Being is Believing

For years I focused on my weight, wanting to get it down. I exercised. I got frustrated. It just slowly climbed. Emotional stress was bagged and wrapped tightly, always carried. Worries were with me more than my shadow was.
I worried. About money. About my appearance. About work. About making the moments happen. I was driven, but spinning my wheels in tight circles.
When I stopped focusing on these issues and just lived, got up in the morning and focused on tomorrow things started to change.
My voracious appetite dwindled. I began to shrink. My headaches decreased in number. Unhealthy relationships brought back stress, as I sought to offer my partners everything to be the perfect partner. Instead, I faced criticism. Stark. Private. Personal.
I smiled at the world and had to grow or break. The more stress I faced, the more my habits changed. With someone else sniping me, I couldn't afford to do the same. I grew. Stronger, harder, thinner, and brighter.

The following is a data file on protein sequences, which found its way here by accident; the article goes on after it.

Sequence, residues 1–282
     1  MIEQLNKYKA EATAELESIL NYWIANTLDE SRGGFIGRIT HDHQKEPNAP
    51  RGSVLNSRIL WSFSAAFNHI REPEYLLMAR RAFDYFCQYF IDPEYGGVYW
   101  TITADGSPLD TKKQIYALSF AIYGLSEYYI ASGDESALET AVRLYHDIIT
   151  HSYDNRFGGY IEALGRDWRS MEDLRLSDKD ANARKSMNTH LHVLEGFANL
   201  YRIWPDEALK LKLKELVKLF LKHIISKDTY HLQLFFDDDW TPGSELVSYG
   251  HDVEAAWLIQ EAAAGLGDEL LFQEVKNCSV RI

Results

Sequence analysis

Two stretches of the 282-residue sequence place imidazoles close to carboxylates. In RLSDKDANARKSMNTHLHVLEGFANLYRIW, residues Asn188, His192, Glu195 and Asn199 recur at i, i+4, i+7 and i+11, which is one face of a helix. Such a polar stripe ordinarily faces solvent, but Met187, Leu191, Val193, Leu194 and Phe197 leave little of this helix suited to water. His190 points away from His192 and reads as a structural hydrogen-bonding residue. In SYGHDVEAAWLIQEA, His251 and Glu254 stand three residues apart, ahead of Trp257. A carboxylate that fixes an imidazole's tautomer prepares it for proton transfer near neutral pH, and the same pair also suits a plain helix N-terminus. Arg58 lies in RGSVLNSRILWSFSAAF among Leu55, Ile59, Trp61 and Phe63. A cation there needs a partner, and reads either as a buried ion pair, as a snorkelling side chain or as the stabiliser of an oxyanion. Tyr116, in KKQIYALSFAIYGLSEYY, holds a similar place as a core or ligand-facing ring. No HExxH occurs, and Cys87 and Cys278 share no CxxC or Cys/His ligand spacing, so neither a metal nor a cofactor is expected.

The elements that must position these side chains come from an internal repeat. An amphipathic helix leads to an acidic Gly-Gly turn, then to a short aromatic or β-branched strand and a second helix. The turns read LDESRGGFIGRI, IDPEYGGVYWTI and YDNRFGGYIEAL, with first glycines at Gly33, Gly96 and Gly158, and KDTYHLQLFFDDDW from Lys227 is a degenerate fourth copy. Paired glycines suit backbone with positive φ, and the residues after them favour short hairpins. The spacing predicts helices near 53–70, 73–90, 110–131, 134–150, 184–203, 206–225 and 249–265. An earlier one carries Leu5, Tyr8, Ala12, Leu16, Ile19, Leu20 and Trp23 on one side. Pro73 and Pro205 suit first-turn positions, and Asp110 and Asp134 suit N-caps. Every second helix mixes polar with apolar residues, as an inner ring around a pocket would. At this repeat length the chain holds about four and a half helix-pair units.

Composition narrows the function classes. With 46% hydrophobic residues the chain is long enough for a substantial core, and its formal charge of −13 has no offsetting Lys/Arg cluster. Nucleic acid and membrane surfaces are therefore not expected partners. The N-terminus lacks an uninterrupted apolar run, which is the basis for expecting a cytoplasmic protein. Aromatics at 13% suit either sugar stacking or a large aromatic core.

I quit worrying. Why not look for the bright moments, why not just flow with what life has to offer- good and bad?
Why focus on what other people think, especially the ones with constant complaints spewing out? Why not, upon running into them, offer them positive as other beautiful people had done for me in the past? Why not look where I'm going, look for solutions instead of blame?
I'm at a point of freedom. I need this time for me to solidly be me, to reach a point where I stay true to me, even in the face of love. You can't really love if you give yourself away so much, to be what someone else desires. You become less rather than more, anxiety creeps back in along with insecurities. Their moods and whims try to shape you and unhappiness is not a companion worth having.
Faced with spinning, frustrated and mired down you can keep digging in or you can let go, reach out and find the tools and support- material, emotional, psychological- to take that proverbial baggage and discard it. You can become the person you want you to be. You can care or not. You can dance. You can explore yourself and the many paths ahead of you.
They say, when one door closes, a window opens. I've found that the walls, well, they aren't real. Walk through them. Close your eyes, believe in you, and see what happens when you do.